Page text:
Indianapolis woman says she's fighting not to be institutionalized, but clock is ticking

Karen Vaughn, 57 (WTHR photo)
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Karen Vaughn could be facing a life or death situation Saturday morning.

"I have coverage tonight," the 57-year-old said Friday night. "Then at 7 o-clock in the morning, the last nurse will go home," she explained from her motorized wheelchair inside her 5th floor apartment in downtown Indianapolis.

Vaughn's talking about the near round-the clock nursing care she gets at home - and has for the past three and a half years.

It wasn't always this way though.

"I lived alone for 18 years with home health aides coming in," said Vaughn.

That was before Vaughn, who is quadriplegic and only able to move her head, needed a ventilator at night to breathe. She says after 39 years of not being able to move, the muscles that help her breathe have gotten weaker, and it's harder just to get a breath.

Vaughn needs a nurse all the time just to make sure she doesn't suffocate. Medicaid pays for a nurse to give Vaughn care for 20.5 hours a day.

Volunteers and friends cover the other 3.5 hours.

"As anyone can imagine, losing your independence is like being trapped," said Vaughn.

Now, though, even the little independence she still has is in jeopardy.

The agency that provides nurses for Vaughn says it just don't have enough staff anymore to give her the care she needs.

"I've called maybe 50 agencies in the last week. They've all had the same problem," said Vaughn, who added that she's asked the state Division of Aging, part of the Family and Social Services Administration, for help, but would rather gamble with her life come Saturday morning than accept what she says they offered as an alternative.

"Someone from the State asked if I would consider going into a nursing home temporarily just until this situation is taken care of," said Vaughn.

"I've been in the institutional setting and it's not living. It's existing," said Vaughn who explained she'd spent four years in seven different facilities, starting the year after she became a quadriplegic at 18.

"Why would I want to put my foot into purgatory?"

Vaughn has worked as an advocate for others who are also disabled. She is set to speak next month in front of the Governor's Planning Council for People with Disabilities.

According to FSSA's Division of Aging, the state's nursing shortage is in part due to the increased demand for registered nurses to provide the kind of care patients like Vaughn need.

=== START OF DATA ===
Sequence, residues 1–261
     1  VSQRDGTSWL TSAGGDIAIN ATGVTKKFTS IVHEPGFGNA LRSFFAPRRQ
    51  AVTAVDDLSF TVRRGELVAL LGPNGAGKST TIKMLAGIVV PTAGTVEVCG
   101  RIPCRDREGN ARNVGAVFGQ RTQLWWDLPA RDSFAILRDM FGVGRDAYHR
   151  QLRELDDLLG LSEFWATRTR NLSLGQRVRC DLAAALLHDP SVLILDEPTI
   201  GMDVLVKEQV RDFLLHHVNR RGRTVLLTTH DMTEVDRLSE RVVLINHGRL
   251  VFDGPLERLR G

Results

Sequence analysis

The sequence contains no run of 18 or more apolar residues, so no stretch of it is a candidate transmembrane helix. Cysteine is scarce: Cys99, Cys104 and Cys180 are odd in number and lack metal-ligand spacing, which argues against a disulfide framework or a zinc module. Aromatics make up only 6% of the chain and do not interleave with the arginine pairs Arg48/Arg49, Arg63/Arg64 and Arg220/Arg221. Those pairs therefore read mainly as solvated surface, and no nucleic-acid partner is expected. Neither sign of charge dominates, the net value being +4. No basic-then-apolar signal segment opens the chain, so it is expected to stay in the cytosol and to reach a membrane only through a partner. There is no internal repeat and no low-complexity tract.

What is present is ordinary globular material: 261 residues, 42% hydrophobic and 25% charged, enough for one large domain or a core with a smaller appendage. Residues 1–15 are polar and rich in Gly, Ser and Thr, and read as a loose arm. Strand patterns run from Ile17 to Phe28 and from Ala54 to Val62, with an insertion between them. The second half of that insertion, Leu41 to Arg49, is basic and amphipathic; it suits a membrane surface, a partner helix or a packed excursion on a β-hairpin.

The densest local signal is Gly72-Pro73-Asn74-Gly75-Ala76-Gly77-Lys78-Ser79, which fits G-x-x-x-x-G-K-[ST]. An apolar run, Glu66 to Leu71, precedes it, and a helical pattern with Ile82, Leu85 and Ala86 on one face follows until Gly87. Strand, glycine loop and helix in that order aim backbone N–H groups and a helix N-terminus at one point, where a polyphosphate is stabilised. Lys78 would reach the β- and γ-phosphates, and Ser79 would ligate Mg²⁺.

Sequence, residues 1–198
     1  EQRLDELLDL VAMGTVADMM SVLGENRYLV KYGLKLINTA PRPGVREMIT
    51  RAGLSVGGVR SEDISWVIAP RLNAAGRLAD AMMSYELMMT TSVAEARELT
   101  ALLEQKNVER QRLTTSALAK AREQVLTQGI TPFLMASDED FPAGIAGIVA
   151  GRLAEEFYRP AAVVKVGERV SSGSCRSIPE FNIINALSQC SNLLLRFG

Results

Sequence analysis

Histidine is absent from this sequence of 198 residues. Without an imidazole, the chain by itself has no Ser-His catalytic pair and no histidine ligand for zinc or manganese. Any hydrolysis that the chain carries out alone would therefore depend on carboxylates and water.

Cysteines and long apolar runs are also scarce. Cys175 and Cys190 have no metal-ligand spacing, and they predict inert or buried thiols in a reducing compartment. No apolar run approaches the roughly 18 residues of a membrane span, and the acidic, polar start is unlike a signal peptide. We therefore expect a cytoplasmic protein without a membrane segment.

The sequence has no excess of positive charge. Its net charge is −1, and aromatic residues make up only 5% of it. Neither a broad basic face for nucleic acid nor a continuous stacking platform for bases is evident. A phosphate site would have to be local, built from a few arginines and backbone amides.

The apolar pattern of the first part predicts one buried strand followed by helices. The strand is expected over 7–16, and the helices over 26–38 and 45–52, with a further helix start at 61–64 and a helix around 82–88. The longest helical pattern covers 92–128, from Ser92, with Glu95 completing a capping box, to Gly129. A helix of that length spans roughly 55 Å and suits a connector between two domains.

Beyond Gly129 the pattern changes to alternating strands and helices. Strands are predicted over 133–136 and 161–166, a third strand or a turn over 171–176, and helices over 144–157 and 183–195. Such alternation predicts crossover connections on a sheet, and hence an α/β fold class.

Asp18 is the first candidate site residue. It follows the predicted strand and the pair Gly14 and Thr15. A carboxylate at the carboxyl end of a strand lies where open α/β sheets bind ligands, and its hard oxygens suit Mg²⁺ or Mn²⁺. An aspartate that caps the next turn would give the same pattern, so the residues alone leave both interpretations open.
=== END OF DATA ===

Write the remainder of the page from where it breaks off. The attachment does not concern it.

Vaughn's friend, John Cardwell, a long-time advocate for the disabled, said home health care agencies have a lock on the market.

"In Karen's case, if an agency couldn't provide the care, she should be able to hire individual nurses to come in and do it. But you can't. You can't do that in this state," explained Cardwell, who said it's time for the state to step in and help people in situations like Vaughn.

"'It's time you talk turkey to the providers'," Caldwell said he would tell lawmakers. "'Have a 'come to Jesus' moment with the providers and say, "If you're going to be a provider in the state of Indiana, then you're going to meet your obligations and you're going to provide the care that people need. And if you're having trouble getting the folks you need, then you need to work with us to open the market up, rather than keeping the market shut down".'"

"It's about money, "said Caldwell. "This is a problem that's been created about money and the General Assembly has listened far too much to the people who have the money in the lobbying process."

Elaine Ryan, the vice president of government affairs for AARP, widely known for addressing issues affecting older Americans at the state and national level, said Vaughn's situation isn't a unique one, but called it "outrageous."

"Here, you have a person who wants to stay in their home. It's less expensive to stay in their home. They have every right to stay in their home," said Ryan. "This is a time when society and government needs to step in to say, 'This is a person who needs that kind of intensive care. This is the kind of investment that we need to make as a society. We can do better than that'....There may be more needs than available staff, but that doesn't mean we give up on that cause....Institutional care, really, should be the last recourse, especially for someone who wants the independence to live with dignity in their own home."

"Why is my life any less important than anyone else's?" asked Vaughn.

So far, she said, no one can give her an answer to that question. She's waiting, but time is running out.

"I don't know what's going to happen [Saturday]," said Vaughn, who said she'd rather die in her home than face being forced into a nursing home.

"I believe they could call an ambulance and have me taken wherever they wanted me to go," said Vaughn, which leaves her fighting to stay right where she is. "We're all supposed to have civil rights now, aren't we?"

Vaughn is consulting attorneys on her rights.

The Division of Aging told Eyewitness News it's working to identify providers who can meet Vaughn's needs in her home.